One of the under-appreciated aspects to software development is the ability to produce a good patch. Not just the coding–making sure the actual patch itself is of good quality. The backporting theme I’ve been discussing recently here all starts with the assumption that you can move changes from a newer version of software into an older one. That invariably involves some conflicts, but one of the best ways to avoid them is to make sure each of the individual commits–and accordingly the patches they represent–are as clean as possible. Figuring out just how to extract a good backport from a change to a newer feature is an art form, and it’s easier if the patches you start with are well constructed.
Periodically newcomers to PostgreSQL submission get roasted for not following the project’s coding guidelines. Most of these situations could have been resolved by the submitter, without that embarrassment/harassment, had they looked at the patch at all with the intent of cleaning it up before submission. The last time this popped up in our community, I got lumped in as one of the “formatting curmudgeons”, a title I was proud to wear. It took me a while to really appreciate how important patch diff elegance is to building large pieces of software reliably, and to develop my own good techniques for doing so.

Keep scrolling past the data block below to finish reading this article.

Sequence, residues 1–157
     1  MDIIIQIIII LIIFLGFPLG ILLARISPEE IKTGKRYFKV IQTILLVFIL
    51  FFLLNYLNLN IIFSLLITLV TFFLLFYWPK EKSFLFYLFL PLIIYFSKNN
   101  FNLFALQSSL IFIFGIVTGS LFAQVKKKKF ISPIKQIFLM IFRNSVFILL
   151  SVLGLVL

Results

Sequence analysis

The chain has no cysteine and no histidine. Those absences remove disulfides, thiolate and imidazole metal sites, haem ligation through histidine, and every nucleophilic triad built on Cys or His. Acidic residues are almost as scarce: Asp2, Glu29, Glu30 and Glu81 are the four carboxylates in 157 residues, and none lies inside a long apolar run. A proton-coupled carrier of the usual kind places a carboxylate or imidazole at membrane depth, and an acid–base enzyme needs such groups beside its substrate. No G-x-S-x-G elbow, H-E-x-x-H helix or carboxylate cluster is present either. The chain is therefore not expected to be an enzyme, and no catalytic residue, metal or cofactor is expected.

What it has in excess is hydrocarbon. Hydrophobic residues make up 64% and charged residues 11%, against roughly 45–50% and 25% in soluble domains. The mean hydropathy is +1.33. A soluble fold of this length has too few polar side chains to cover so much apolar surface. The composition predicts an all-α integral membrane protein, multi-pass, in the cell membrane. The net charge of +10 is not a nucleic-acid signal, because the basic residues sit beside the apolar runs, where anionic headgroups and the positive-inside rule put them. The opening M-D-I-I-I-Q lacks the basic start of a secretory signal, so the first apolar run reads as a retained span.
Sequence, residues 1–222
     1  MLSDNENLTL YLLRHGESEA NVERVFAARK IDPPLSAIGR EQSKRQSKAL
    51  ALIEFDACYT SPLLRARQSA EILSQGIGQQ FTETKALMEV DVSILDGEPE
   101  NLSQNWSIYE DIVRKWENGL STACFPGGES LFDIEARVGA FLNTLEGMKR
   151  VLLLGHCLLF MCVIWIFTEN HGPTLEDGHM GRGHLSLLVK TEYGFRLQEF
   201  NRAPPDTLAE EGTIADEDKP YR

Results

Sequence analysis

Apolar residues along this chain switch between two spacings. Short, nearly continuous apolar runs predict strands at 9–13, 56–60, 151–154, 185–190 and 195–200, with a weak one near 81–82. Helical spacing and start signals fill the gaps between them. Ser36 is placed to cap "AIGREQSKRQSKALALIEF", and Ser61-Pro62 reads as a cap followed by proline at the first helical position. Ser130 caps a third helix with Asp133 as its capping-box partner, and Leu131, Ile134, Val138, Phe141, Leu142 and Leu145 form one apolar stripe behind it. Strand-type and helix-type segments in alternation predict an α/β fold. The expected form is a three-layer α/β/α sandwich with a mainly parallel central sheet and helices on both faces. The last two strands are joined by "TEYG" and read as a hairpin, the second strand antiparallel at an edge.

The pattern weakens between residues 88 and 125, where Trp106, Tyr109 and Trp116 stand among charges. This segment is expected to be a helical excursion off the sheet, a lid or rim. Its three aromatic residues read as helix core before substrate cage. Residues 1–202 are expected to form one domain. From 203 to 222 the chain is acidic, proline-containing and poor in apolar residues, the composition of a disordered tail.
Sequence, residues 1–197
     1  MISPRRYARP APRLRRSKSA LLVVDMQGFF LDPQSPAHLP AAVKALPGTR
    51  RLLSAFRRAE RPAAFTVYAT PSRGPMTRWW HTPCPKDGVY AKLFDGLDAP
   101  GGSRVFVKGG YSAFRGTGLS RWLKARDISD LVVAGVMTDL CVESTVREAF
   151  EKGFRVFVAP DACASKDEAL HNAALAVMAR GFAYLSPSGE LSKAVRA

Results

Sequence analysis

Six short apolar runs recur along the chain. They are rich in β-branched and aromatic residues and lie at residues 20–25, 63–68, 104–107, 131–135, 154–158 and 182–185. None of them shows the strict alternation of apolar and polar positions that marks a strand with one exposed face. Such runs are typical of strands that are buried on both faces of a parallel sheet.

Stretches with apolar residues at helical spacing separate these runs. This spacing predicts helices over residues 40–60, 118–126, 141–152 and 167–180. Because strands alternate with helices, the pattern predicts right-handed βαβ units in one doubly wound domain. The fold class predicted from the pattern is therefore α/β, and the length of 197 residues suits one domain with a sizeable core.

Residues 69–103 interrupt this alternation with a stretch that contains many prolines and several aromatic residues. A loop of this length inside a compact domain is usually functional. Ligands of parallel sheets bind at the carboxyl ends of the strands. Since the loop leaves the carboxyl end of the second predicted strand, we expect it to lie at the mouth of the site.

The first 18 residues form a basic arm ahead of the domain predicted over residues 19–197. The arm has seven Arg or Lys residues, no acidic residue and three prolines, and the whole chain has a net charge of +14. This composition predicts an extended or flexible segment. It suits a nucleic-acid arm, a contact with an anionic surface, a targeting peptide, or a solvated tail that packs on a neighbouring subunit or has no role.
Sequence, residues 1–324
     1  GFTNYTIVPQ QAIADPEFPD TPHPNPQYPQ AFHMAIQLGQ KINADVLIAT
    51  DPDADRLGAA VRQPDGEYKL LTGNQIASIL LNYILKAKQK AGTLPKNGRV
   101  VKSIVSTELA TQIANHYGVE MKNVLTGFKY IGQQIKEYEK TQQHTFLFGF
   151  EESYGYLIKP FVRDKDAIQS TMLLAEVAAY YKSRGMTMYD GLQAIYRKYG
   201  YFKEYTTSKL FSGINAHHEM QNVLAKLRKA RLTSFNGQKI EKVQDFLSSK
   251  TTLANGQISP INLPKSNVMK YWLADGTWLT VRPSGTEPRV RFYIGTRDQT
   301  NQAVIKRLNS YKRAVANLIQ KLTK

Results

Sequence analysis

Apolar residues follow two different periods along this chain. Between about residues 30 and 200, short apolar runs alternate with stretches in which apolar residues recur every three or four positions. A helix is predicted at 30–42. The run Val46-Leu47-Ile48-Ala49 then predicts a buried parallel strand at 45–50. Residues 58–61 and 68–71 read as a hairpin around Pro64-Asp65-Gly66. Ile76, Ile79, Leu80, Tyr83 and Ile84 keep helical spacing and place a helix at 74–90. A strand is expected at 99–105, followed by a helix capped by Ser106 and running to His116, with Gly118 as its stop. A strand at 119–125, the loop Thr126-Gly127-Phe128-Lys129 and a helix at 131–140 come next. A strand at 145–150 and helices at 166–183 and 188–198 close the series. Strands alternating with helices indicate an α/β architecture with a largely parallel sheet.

I’m not a fan of making things more difficult than they have to be for submitters to projects I work on though, so the one part I realized I could do better is helping others learn this material. While there are plenty of tutorials on how to use tools like git, I don’t know that I’ve ever seen one that talks about the minutia of using diff to make good patches. We curmudgeons are quick to say things like “blend in with the surrounding code” or “remove spurious whitespace”. But no one even talks about how you do that, exactly, in a way I’d expect newcomers to understand. That’s why I just wrote a new tutorial called Creating Clean Patches, intended as supplemental reading to Submitting a Patch. Once you see what a bad patch looks like, compared to a clean one that would be reviewed only on its code quality merits, some of these fuzzy guidelines are much easier to understand. I think that article might even be useful outside of the PostgreSQL community. Plenty of other open-source projects struggle with the same issue.